Dancing without a chair by Dave Toole

It is now over twenty years since I began my dance career and I have now reached the ripe old age of 50. This is pretty old for most dancers. However, during that time I explored my dancing in and out the wheelchair. Of course the use of my arms and hands has begun to take its toll. I suppose the day will come when I have to think about using the chair even more and then I guess… Nevertheless, I will start to look at new ways of working. Until that day however, I will enjoy the freedom of expression that being away from my chair gives me.


If we go back in time… How did I discovered dancing was without a chair for me? When I think back to when I went to my first dance workshop, it’s hard to believe that I didn’t leave my wheelchair at all. Because the idea of ‘dancing’ was a bit strange to me and that environment was new to me. I suppose for the first time in my life I was a bit shy. The day was spent mostly working through improvisation, so I was able to work from my chair using the ideas presented to us. It all felt very clumsy and awkward to me and I think that was as much to do with nerves as much as anything else. However, the opportunity arose to go back and spend a week working with the company on a week long residency. Again for the first few days of the residency I stayed in and worked from my chair until one day. During one exercise everything changed. We had been working on a way of travelling in a group across the space with at least one member being completely off the ground. In this case, I was the one chosen to be lifted and found myself hanging off the arms of two members of the group. I was lifted from my chair and transported to the other side of the room. Once we arrived, I was lowered to the ground and before anyone could return the chair to me, I jumped up and ran back on my hands and got back in it. I noticed straight away that people were staring. I imagine it was quite a shock to see me move like this for the first time, or indeed anyone move in such a way. I hadn’t given it a thought but the response was quite astounding. For the rest of that day and most of the rest of the residency I spent more time on the floor. I always felt more comfortable working and moving on the floor and it was indeed the way I got around at home most of the time. It also meant that in that time I had developed ‘tricks’ to help me around the house. The most obvious of these was to stretch myself up on one arm against the wall to be able to reach a light switch that was pretty high up on our walls. This trick was something I used during the week as we created a short piece that was due to be performed at the end of the week.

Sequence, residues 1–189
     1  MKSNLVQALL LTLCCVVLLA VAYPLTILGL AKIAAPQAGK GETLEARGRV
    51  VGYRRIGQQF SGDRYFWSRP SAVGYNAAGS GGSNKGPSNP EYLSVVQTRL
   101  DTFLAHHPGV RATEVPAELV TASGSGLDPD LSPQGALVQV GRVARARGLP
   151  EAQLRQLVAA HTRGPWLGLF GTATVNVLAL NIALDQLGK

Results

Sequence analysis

It was after this project that I had the opportunity to join the company and become a full time dancer. It was a big decision. I actually say this ironically as at the time I was very unhappy with my job as a postman, something I had done for over nine years. I had always hoped that I would find something else that would get me out of that kind of mine numbing work that was so repetitive. So, when the opportunity arose, I pretty much said yes immediately.


Since those early tentative ‘steps’, and over the last twenty years, I have always felt more comfortable working free from the chair and on my hands. I feel more free to move and also more able to express myself better than in the chair. The chair of course offers its own possibilities, such giving me height to help with contact work and also works as a solid form of support for another dancer. However, in my early career I always felt it was used as a tool to perform exciting feats such as leaping from it to the floor or from jumping from one chair to another and of course racing around at speed. Of course throwing in the odd wheelie from time was ‘impressive’ too. I was pretty skilled with a chair. Therefor I could turn very quickly. Also a lean in the chair and with one hand stretched out to touch the floor. I found I could move pretty quickly on my hands too, but I always felt more in touch with the dance floor where as sometimes being in the chair can make you feel a little disconnected. This of course is a very personal thought and I am pretty sure that other wheelchair users may say something different.

Now I am working primarily with Stopgap Dance Company and in the future hopefully other companies. As much as I enjoy using my chair from time to time, I find that being free of the chair can help me creatively. When working in the studio during improvisations and creative tasks I feel more inspired in movement terms.. It’s very hard to explain but movements come to me more instinctively than when I have to think about the practicalities of controlling a chair. As I have been a wheelchair user from a very young age I became quite skilled at using one. I think in movement terms you have to find ways of using what you have in order to make things work. Sometimes I feel slightly limited when having to think about moving my chair as well as keeping my arms free for other more intricate movements. This is not a real issue when I work on the floor. There I can use the strength I have in my arms and also my legs to help balance from time to time. Although they are not really in a position to take weight, I find that they have proved very useful. Of course working on the floor is not always appropriate or required, so sometimes I am required to use the chair from time to time. I can of course work with it but for whatever reason it doesn’t come as natural to me.